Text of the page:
Southport Foodbank was founded in May 2013, and forms part of the Compassion Acts charity. Their mission is to bring churches and other local organisations, businesses and groups together to act as good neighbours, supporting others in crisis and challenging poverty at its root – working towards a future where everyone has enough money for essentials.
As part of the Trussell Trust’s UK-wide network, the food bank provided 4,890 emergency parcels to people in crisis in the last year.
Never more vital
Richard Owens, Chief Executive of Compassion Acts, explains that the support from the community has never been more vital than over the last year – and churches have played a vital role in ensuring the food bank has been able to keep up with rising need.
“We have great support from across all the local churches in the area,” he said. “We were hosted by a Pentecostal church and now we are based in an Anglican church, so we have a great example of us working with a wide range of churches.
“Each year our food bank is presented with different challenges and because we are a seaside town, we see a lot of people coming to us who are just staying in employment, whether this is temporary or flexible still struggling to afford food. With the outbreak of the pandemic, people have been tipped over the edge into destitution. We are a food bank that does a lot of income maximisation work and we have our own welfare advice team within our charity to ensure we can provide the best possible support to people.”
Working with many churches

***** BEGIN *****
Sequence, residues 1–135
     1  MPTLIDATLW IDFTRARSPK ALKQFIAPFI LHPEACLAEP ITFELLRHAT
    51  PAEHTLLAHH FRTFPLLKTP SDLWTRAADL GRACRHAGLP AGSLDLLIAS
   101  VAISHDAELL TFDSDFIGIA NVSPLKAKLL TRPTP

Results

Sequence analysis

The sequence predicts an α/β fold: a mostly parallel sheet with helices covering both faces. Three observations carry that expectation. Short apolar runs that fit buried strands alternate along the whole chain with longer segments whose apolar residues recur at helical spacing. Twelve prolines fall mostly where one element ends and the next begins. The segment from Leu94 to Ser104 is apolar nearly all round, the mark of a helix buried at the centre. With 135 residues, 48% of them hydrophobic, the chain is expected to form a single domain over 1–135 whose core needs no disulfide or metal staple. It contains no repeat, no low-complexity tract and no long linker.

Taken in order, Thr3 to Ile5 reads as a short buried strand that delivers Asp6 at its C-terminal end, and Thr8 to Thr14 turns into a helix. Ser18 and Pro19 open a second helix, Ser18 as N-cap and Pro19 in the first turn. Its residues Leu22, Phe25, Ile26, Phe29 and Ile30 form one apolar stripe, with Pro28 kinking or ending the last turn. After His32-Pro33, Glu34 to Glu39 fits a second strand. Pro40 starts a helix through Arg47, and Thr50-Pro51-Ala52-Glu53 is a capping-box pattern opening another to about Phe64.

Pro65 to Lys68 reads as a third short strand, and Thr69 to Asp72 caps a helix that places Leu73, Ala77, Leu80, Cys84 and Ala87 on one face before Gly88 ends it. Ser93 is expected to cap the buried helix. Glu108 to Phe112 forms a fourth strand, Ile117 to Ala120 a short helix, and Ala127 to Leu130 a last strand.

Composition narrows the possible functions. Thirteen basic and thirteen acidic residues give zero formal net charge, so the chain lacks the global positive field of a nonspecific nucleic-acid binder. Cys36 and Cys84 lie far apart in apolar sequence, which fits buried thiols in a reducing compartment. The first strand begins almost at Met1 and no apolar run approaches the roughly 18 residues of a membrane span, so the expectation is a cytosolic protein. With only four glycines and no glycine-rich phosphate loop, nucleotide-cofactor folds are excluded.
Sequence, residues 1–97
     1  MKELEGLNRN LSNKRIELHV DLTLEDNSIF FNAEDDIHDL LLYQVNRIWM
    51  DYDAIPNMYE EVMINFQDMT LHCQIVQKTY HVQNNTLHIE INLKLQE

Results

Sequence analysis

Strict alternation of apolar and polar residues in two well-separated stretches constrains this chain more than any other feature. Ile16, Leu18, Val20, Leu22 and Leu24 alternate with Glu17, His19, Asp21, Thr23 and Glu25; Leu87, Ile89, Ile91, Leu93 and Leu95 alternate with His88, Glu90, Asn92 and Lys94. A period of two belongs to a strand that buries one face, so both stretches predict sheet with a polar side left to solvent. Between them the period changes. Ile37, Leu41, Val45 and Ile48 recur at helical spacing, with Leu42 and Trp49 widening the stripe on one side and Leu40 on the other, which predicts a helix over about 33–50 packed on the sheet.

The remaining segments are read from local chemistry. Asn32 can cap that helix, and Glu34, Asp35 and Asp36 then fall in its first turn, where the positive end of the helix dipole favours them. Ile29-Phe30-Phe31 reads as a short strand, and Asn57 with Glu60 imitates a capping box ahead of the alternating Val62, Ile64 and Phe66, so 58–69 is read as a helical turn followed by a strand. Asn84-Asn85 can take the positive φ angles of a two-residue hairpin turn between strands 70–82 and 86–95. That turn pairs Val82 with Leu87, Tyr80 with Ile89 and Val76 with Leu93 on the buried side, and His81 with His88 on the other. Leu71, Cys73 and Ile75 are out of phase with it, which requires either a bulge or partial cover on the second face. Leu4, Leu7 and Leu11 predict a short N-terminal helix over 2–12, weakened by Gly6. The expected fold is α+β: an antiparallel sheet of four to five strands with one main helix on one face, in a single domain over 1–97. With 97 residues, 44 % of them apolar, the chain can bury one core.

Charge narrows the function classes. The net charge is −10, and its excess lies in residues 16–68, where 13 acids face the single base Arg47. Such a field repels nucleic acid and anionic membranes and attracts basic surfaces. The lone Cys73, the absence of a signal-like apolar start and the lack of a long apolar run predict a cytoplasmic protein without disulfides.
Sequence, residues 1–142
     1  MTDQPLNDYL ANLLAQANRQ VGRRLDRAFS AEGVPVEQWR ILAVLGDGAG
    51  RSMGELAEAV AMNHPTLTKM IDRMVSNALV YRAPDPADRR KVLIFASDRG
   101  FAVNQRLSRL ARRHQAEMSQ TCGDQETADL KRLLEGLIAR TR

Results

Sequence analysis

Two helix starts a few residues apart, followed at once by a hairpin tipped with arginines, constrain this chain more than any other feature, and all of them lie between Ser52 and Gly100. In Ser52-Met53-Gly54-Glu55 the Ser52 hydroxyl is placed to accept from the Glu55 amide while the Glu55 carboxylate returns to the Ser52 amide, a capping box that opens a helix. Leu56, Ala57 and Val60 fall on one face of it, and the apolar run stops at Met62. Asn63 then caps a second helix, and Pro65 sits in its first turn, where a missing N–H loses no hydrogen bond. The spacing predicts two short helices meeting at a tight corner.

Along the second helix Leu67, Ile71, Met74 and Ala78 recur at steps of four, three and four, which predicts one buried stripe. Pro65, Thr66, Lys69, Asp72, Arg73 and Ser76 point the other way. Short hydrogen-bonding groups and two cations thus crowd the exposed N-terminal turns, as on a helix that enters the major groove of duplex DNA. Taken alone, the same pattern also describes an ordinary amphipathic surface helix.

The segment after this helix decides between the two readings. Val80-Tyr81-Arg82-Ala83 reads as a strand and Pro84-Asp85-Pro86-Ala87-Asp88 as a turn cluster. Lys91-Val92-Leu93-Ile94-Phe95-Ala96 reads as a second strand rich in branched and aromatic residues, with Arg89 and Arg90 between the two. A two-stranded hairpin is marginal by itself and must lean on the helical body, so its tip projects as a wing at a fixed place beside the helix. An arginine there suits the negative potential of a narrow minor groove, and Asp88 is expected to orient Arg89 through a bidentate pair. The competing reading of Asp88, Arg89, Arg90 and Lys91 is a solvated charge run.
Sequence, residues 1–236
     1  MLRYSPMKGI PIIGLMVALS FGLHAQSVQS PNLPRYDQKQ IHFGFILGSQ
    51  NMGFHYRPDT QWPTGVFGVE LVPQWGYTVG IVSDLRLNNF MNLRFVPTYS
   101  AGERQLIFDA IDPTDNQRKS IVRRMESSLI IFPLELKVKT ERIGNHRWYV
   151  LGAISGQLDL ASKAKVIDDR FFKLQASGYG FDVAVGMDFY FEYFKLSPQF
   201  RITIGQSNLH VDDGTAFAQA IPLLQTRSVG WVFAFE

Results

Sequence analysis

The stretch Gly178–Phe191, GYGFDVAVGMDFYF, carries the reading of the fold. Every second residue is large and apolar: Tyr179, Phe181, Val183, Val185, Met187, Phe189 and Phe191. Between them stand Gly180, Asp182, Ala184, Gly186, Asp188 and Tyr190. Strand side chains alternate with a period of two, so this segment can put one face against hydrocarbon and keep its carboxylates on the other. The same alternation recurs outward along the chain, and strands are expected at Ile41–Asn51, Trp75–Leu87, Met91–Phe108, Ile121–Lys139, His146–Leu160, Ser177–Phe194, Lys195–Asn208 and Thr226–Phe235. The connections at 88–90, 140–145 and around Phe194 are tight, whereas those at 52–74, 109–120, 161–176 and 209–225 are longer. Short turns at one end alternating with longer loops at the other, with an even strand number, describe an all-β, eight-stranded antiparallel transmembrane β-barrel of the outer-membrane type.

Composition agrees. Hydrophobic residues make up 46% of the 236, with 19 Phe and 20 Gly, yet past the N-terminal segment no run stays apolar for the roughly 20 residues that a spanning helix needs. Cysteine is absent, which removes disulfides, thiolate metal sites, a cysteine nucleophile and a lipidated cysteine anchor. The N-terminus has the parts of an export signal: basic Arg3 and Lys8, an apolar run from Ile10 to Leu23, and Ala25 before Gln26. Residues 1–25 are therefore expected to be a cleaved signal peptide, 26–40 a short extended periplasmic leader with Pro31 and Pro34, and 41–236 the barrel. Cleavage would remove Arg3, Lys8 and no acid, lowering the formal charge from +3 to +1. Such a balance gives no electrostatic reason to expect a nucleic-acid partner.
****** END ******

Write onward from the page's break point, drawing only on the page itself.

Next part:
Southport Foodbank currently holds relationships with 45 churches around Southport, Formby and the surrounding areas as well as being supported by dozens of church schools with various food collections held throughout the year.
During the pandemic, and now, as we face restrictions easing, Southport Foodbank continues to provide the lifeline of emergency support, with more than 300 meetings with welfare advisers to look at benefits and debt – leading to reclaims of over £630,000 for people in crisis.
“We’re blessed to have the support of many churches in our community and they realise we take a holistic approach in supporting people,” Richard adds. “And these partnerships happen not just at Harvest time but we speak to the churches in our area week in, week out just to update them. We want to use our work to take churches on a journey with us by changing hearts and minds and talk to people about poverty in our area throughout the year. We know the issue of food banks can be a difficult subject but that is why we try and have regular conversations with churches to ensure they kept up to date with our work but also understand how important their support is.
“We are at the intersection of businesses, community groups and churches within Southport and we do cherish how faith and non-faith groups can come together to support our work in helping people in poverty.”
Social media is becoming an increasingly effective way for the food bank to connect and engage with churches and during Easter, due to the Covid restrictions in place, the food bank invited churches to take part in a series of spiritual reflections on social media.
Find out more about Compassion Acts and the Southport Foodbank